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Progressive Rock CD Reviews

Colosseum

Colosseum Live

Review by Gary Hill

This new release is a deluxe reissue of an old album from Colosseum. There is a second CD with bonus tracks and to some degree, I think I like that disc better. The mix of sounds here from bluesy rock to jazz and prog is cool, and the performances are all strong.

This review is available in book format (hardcover and paperback) in Music Street Journal: 2016  Volume 6 at lulu.com/strangesound.

Track by Track Review
CD One: Colosseum Live
        
Rope Ladder to the Moon
Hard rocking, this scorcher has some cool shifts and changes. I love the horns on it. The whole thing is screaming hot. It's part prog rock, part psychedelic and all cool. The keyboard solo movement later in the track is awesome, too.
Walking in the Park
There is definitely a lot of jazz in the mix here. This is another energized rocking tune. The keyboards and horns lend a lot to this thing. There is a vocal workout later that features scat and call and response. It's a really fiery display. The music rises up to stand tall against it, too. They pump up the tempo as they work out from there. Then it gets brought back down in a stomping resolution.
Skellington
The Allman Brothers meets a smoking hot fusion band in this jam. You might also notice some hints to Cream here. There is some scorching guitar soloing on this thing. This piece is almost fifteen minutes long, and a big chunk of that time is occupied by some real powerhouse jamming. There is so much jazz in this thing. There are some vocal acrobatics at the end of this tune, too.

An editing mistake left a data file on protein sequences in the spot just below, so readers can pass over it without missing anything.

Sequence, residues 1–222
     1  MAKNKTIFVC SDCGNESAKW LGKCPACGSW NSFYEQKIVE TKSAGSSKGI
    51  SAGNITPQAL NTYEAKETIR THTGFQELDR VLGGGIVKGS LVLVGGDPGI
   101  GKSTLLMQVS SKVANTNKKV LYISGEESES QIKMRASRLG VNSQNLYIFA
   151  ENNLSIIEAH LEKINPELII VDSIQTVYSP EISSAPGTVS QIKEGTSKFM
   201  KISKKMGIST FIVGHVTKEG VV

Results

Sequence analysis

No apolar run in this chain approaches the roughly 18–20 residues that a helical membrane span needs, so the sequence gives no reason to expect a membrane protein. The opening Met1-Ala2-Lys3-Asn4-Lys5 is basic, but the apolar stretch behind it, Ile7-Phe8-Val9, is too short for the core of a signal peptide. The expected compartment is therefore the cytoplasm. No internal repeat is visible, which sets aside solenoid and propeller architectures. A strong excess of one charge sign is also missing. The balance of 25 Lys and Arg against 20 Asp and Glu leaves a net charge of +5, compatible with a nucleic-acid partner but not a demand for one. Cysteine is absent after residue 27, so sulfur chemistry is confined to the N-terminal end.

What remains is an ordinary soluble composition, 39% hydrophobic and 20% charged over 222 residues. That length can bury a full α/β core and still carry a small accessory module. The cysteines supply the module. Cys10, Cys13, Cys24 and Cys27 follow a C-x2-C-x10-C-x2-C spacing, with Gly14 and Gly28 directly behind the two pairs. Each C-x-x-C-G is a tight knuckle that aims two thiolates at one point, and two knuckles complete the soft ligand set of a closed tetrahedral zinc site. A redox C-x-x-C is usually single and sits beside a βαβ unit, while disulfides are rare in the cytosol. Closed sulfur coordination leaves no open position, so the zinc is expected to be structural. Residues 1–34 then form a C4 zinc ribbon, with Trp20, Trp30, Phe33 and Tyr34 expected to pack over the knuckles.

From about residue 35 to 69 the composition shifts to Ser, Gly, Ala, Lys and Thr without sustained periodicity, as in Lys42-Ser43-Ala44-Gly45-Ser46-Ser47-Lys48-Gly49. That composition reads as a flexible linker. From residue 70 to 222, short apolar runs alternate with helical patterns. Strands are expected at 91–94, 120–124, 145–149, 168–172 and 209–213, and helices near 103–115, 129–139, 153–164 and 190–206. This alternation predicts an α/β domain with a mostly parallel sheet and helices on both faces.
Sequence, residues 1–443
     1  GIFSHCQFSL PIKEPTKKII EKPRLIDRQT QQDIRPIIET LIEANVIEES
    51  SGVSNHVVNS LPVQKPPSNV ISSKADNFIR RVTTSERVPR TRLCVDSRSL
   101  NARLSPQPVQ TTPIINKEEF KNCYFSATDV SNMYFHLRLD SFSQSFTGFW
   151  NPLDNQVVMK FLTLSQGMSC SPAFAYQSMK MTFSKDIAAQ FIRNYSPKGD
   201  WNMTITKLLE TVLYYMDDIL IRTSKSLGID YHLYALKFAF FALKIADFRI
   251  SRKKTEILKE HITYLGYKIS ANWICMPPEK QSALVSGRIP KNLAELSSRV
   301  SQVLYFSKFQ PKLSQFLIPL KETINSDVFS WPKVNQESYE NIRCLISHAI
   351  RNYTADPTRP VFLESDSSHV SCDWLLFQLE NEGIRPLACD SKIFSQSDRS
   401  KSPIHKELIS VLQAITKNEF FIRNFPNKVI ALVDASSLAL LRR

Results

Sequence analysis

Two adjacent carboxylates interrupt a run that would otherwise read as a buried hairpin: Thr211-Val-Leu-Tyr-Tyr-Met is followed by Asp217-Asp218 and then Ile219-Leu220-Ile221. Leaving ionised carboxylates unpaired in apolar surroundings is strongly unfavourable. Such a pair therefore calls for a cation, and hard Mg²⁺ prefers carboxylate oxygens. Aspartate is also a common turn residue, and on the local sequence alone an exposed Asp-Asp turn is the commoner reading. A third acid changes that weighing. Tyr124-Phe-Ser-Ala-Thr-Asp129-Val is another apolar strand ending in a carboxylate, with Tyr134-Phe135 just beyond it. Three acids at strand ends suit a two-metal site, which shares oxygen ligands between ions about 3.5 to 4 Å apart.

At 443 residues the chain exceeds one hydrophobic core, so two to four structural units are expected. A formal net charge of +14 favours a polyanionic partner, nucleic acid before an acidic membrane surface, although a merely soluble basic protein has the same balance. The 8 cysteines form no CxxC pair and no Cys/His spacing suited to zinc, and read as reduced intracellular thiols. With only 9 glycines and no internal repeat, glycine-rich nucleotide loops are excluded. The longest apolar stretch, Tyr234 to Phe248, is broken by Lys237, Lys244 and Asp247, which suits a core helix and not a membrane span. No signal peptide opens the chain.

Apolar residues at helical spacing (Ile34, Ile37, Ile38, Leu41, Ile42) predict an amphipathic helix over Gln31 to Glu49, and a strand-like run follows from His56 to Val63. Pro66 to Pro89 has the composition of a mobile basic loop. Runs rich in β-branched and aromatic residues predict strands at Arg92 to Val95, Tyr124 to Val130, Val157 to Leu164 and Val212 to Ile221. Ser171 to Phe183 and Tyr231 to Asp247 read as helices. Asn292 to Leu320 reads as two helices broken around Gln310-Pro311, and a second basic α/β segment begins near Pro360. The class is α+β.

I Can't Live Without You
Speaking of Cream, this one really makes me think of that group, but with a lot of prog and jazz in the mix. There is an extended jam with some serious emphasis on keyboard work.
Tanglewood '63
There is so much jazz in this. Scat singing dances around the song in a killer arrangement. This is a quirky and quite tasty piece of music that has keyboard soloing, horns and more. In some ways this feels to me like something that might have been at home in the soundtrack to "Hair" or "Godspell." The unaccompanied horn solo brings some serious jazz to it. While this is chock-full of vocal work, none of it is lyrical.
Encore... Stormy Monday Blues
This is (as the title suggests) a bluesy tune. I like this one a lot. It's perhaps not very proggy, but it does have some great jazz leanings. It's also full of killer character and charm. There is a weird little bit at the end.
Lost Angeles
Keyboards start things here. The cut works forward from there. If you've wondered whether this is really prog rock or not, this cut should convince you. It's packed full of killer shifts and changes. Yes, it's still set in that kind of psychedelically tinged sound. It's full on prog, though. There are so many turns and powerful movements. This thing is very extensive and just plain amazing.
CD Two; Bonus Tracks
                   

Rope Ladder to the Moon

Here we get another live take of the song that opened the album proper. If anything, I think I might like this version better than the other one. It really seems to be on fire. There is some killer drum work, and the whole thing just seems to be powered up and intense.

Skellington
Another repeater, this one is pretty hot here, too. They drop this thing into some seriously spacey trippy stuff for a while. Again, I think I might like this better than the other version.
I Can't Live Without You / Time Machine / The Machine Demands a Sacrifice -
Here is another we got on the first disc - well at least at the start. They put in an inspired performance here. This has a serious drum solo. I'm not a big fan of drum solos, though, and this one doesn't do much to change that opinion. It's too long for me.
Stormy Monday Blues
Another repeat visitor, this thing is a killer blues tune in this format.
The Valentyne Suite: I. January's Search, II. Theme Two - February's Valentyne, III Theme Three - the Grass Is Greener
Just like the other CD, this one ends with the most purely prog thing of the CD. I'd say this one is even more fully progressive rock than that CD's closer was. This thing has so much classical structure built into it. It's a real powerhouse. In fact, this might be the best thing on the whole double disc set.
 
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